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Intrahepatic cholestasis of pregnancy

INTRODUCTION

Intrahepatic cholestasis of pregnancy (ICP) occurs in the second and third trimester, and is characterized by pruritus and an elevation in serum bile acid concentrations. The major clinical features, diagnosis and treatment of intrahepatic cholestasis of pregnancy will be reviewed here. A general approach to the pregnant woman who develops liver disease is presented elsewhere. (See "Approach to liver disease occurring during pregnancy".)

EPIDEMIOLOGY

The incidence of ICP has varied widely in various reports (ranging from 0.1 to 15.6 percent), for reasons that are incompletely understood [1]. Geographic variations in the rates of the disease may reflect differences in susceptibility between ethnic groups. The incidence of ICP is increased in Bolivia, and is highest among the Araucanos Indians in Chile [2]. A study from Sweden that included 1.2 million births between 1997 and 2009 estimated the incidence to be 0.5 percent of all deliveries [3]. In reports from the United States, the incidence rates have varied from 0.32 percent in Bridgeport Hospital, Connecticut [4], to 5.6 percent in a primarily Latin population in Los Angeles [5]. For unknown reasons the disease is seen more commonly in the colder months in Chile and Scandinavia.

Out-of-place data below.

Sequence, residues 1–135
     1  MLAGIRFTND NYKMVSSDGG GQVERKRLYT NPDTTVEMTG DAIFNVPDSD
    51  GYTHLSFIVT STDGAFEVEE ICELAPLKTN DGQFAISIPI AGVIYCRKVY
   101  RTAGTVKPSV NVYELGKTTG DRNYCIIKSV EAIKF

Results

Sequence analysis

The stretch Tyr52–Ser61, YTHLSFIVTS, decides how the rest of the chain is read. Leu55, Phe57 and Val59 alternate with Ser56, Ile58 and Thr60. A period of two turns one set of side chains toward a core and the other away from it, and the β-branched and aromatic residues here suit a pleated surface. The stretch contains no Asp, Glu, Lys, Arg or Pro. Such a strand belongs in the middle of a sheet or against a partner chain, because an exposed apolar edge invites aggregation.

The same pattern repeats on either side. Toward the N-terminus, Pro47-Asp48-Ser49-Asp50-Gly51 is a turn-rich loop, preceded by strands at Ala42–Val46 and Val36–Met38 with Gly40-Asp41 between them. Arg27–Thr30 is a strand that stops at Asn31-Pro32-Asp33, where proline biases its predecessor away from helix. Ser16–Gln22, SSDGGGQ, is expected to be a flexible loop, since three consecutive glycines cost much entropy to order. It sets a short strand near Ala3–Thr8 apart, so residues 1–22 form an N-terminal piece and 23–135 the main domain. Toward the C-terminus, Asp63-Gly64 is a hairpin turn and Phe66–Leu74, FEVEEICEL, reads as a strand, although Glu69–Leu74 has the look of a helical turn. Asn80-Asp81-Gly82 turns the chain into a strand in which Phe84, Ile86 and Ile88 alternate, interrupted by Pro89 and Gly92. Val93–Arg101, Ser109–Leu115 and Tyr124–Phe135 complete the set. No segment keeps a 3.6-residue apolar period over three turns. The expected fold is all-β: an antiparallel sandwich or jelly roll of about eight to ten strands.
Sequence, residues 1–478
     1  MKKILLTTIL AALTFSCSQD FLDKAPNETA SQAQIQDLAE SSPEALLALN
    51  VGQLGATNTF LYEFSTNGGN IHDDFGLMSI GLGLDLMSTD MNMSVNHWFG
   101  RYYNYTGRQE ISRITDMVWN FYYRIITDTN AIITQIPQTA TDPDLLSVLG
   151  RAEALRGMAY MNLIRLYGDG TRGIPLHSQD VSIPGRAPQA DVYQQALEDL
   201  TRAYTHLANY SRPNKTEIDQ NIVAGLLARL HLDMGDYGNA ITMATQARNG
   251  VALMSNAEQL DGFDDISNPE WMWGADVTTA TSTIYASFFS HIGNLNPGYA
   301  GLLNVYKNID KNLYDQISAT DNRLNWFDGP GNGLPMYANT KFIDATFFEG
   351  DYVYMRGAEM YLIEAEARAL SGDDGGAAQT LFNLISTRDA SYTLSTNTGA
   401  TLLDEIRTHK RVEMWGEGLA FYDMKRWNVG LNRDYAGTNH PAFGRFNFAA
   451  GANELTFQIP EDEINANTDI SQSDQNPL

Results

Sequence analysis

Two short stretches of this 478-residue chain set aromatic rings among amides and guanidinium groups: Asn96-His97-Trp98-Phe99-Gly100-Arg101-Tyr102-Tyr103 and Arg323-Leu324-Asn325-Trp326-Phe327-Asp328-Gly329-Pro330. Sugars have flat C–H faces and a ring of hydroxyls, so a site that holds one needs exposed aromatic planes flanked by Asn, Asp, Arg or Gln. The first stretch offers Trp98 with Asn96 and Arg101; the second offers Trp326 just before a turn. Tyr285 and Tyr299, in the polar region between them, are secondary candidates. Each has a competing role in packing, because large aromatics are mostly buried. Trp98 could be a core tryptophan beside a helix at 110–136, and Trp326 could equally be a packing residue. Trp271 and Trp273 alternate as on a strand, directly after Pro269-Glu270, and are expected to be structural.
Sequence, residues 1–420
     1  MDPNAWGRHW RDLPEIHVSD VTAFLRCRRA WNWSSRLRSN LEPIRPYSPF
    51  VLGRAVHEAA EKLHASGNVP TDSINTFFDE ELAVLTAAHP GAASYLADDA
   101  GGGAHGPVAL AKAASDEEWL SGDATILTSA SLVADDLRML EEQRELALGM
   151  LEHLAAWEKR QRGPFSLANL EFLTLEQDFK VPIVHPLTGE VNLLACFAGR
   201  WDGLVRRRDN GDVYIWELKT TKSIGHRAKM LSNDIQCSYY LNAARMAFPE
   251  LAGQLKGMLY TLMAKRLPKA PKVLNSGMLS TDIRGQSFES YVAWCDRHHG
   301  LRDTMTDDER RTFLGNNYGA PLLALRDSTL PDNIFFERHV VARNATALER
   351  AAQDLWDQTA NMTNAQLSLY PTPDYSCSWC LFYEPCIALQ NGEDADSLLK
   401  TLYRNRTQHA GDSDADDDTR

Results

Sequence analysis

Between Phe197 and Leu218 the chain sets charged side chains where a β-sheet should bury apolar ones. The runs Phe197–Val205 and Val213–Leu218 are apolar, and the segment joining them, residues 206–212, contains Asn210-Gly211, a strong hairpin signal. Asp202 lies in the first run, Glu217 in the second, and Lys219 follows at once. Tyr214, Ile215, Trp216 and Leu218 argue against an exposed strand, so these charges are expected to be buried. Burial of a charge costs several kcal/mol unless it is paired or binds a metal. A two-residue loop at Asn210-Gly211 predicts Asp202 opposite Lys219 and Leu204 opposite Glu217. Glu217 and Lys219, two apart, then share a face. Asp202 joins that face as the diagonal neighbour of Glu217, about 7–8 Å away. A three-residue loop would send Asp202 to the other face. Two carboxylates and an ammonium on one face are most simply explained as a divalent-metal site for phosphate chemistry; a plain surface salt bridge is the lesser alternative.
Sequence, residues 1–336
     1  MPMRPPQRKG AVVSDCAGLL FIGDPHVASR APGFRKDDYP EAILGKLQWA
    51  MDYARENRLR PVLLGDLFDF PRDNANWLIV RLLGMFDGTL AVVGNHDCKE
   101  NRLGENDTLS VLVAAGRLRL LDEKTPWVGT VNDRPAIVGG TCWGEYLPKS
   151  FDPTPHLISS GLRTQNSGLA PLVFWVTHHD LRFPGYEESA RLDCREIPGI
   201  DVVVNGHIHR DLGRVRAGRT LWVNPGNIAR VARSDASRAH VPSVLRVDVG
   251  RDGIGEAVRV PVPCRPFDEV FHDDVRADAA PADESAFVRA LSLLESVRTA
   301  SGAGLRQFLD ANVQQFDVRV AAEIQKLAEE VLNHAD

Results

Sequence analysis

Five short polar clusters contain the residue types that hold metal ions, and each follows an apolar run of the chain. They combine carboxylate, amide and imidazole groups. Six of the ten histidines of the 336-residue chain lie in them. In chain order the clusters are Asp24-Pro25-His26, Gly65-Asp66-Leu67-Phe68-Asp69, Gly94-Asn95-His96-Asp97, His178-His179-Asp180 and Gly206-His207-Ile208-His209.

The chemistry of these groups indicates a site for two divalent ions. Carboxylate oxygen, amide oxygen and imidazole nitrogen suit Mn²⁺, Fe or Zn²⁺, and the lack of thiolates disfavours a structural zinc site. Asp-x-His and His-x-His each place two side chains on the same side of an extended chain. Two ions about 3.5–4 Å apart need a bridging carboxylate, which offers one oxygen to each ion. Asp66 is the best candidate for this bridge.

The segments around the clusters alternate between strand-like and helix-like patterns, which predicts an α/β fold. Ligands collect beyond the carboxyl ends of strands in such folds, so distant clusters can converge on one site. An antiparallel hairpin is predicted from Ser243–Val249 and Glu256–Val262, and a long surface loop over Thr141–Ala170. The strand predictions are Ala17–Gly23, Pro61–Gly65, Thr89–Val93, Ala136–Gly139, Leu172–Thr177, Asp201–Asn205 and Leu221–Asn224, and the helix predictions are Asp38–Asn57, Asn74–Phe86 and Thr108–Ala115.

PATHOGENESIS

The cause of ICP is unknown but genetic, hormonal, and environmental factors are likely involved [6]. Environmental factors may also influence the expression of the disease.

Genetics — Genetic factors could explain familial cases and the higher incidence in some ethnic groups. The ABCB4 (adenosine triphosphate-binding cassette, subfamily B, member 4) gene encoding the multidrug resistance 3 (MDR3) protein (a canalicular phospholipid translocator) is primarily involved in a subtype of progressive familial intrahepatic cholestasis called PFIC3 [7]. Heterozygous mutations in this gene have been found in a large consanguineous family in whom some women had episodes of cholestasis during pregnancy [8,9]. Several heterozygous mutations in the MDR 3 (ABCB4) gene were subsequently reported in patients with ICP [10-15]. The prevalence of such ABCB4 gene mutations in Caucasian patients suffering from ICP is 16 percent [16].

However, the genetic basis of ICP is complex, and some genes encoding for other canalicular transporters or their regulator may potentially be involved in its pathogenesis [17-19].

                        

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Literature review current through: Nov 2014. | This topic last updated: Oct 3, 2014.
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